The Dow Jones Industrial Average made headlines on Wednesday after topping 22,000 points
The Dow has reached a new high, on average, once every seven days since March 2013
The market closed at an all-time high on eight days in July and seven days in June
Washington (CNN)President Donald Trump hasn't hesitated to tout the stock market's new all-time highs in recent days -- but the market's climb over the last decade means record-breaking numbers aren't quite as rare as they might seem.
The Dow Jones Industrial Average made headlines on Wednesday after topping 22,000 points for the first time. And while it's certainly been a strong month for the stock market, it's not unprecedented over the last few years.
In fact, the Dow has reached a new high, on average, once every seven days since fully recovering from the Great Recession in March 2013.
And it's happened under both Trump and former President Barack Obama: The Dow has hit an all-time high in 30 of the last 54 months since fully coming back from the market collapse of 2007-08. And it happened more than 100 times under Obama since 2013.
But Trump took to bragging about the stock market's new high on Wednesday -- the 154th time the Dow achieved a new record since it recovered from the Great Recession and the 32nd time during his young presidency.
"I just want to state that, as you probably have noticed, the stock market hit an all-time record high today. Over 22,000," Trump said while unveiling an immigration plan at the White House. "Again, today, the stock market hit the highest level that it has ever been."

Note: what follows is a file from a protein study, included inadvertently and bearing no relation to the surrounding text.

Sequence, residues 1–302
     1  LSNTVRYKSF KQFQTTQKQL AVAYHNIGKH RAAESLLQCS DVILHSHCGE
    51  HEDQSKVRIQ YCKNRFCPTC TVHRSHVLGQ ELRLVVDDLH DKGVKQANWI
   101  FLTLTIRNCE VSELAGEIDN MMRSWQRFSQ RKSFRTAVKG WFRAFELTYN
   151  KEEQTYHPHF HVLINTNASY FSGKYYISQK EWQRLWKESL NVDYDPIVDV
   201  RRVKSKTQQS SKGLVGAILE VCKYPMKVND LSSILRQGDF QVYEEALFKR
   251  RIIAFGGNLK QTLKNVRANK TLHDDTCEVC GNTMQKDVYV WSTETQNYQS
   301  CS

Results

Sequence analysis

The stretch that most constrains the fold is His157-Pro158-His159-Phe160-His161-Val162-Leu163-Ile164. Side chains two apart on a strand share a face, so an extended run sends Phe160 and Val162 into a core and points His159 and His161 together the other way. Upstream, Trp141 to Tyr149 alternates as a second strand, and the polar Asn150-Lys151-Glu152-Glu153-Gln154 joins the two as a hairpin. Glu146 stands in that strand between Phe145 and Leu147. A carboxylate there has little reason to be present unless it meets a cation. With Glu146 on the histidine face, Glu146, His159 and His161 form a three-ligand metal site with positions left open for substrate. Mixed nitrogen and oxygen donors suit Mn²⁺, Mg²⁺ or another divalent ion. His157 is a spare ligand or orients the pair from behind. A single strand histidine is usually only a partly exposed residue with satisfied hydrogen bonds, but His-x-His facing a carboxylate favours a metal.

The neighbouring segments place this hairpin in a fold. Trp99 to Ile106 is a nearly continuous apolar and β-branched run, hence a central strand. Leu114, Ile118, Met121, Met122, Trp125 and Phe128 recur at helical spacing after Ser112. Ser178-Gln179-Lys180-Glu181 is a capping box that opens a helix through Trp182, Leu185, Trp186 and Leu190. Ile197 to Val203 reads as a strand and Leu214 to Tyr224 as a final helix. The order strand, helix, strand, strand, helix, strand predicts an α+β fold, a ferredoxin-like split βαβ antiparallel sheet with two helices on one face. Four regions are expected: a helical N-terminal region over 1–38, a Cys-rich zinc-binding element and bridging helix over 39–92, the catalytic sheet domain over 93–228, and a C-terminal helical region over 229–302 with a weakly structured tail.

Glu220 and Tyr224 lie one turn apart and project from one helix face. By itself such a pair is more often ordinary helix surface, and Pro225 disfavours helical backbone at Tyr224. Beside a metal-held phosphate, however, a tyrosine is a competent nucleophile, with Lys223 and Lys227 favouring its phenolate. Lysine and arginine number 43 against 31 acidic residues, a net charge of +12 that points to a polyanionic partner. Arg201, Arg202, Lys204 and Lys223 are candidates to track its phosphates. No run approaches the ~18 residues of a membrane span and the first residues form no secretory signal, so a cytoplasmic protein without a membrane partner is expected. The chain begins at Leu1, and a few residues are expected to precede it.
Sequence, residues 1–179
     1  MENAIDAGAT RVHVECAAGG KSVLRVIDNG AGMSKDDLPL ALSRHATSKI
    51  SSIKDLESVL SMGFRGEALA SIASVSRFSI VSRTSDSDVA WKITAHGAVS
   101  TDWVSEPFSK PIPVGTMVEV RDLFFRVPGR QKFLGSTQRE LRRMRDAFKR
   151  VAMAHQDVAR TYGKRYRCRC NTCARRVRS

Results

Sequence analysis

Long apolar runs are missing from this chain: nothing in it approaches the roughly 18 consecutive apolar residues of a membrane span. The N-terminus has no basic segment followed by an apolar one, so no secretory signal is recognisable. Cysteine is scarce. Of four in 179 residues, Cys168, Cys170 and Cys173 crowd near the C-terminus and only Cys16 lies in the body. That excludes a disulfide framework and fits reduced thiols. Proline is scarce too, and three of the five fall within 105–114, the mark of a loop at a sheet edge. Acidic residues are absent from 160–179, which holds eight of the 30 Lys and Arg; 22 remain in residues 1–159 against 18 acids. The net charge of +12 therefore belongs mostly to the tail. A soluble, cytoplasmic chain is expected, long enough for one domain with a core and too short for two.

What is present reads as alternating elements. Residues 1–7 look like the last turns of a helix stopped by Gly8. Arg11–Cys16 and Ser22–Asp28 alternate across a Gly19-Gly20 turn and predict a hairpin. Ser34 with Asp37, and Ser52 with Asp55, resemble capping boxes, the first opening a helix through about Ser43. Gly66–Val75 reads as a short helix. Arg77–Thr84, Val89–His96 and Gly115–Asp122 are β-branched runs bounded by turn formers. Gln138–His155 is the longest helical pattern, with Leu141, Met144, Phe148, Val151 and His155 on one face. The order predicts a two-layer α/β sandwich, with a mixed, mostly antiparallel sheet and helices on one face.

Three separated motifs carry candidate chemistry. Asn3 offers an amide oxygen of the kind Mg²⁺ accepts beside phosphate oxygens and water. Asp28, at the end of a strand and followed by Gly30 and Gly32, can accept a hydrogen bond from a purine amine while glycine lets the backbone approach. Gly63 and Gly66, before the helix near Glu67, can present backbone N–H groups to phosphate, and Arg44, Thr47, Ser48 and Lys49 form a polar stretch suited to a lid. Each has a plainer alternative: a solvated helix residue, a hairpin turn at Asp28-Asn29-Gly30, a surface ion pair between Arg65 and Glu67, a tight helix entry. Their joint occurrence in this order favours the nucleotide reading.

In fact, he spent most of July touting the market's new heights -- though it's worth noting March 2013, May 2013, November 2013, November 2014 and December 2016 each had more record-breaking days than occurred over the last month.
He praised the all time high on Twitter on July 2...
"If you look at stock markets -- the highest it's ever been," he said on July 31 after swearing in John Kelly as his new chief of staff. "We have the highest stock market in history," he said later that day in a Cabinet meeting. And Trump added on Twitter on Tuesday it "could hit all-time high (again)."
Indeed, in the eight full or partial months during which Trump has been president, the stock market has soared to new heights in six of them.
But it's happened before in the last few years, including new highs at least once in 11 of the 14 months spanning April 2014 to May 2015 under Obama. And it reached record-breaking heights at least once in 9 of the 10 months from March 2013 to December 2013.
Under Trump, the market has closed at an all-time high on eight days in July and seven days in June after failing to set records in April and May. The Dow closed at record-setting levels about one in four days since Trump took office vs. one in eight days since March 2013 under Obama. (The Dow suffered two significant dips during late 2015 and early 2016.)
Trump also touted more record-breaking numbers in February. "The fake news media doesn't like talking about the economy," Trump said on February 16, during a month that saw 12 record-setting days. "I never see anything about the stock market sets new records every day. I never see it."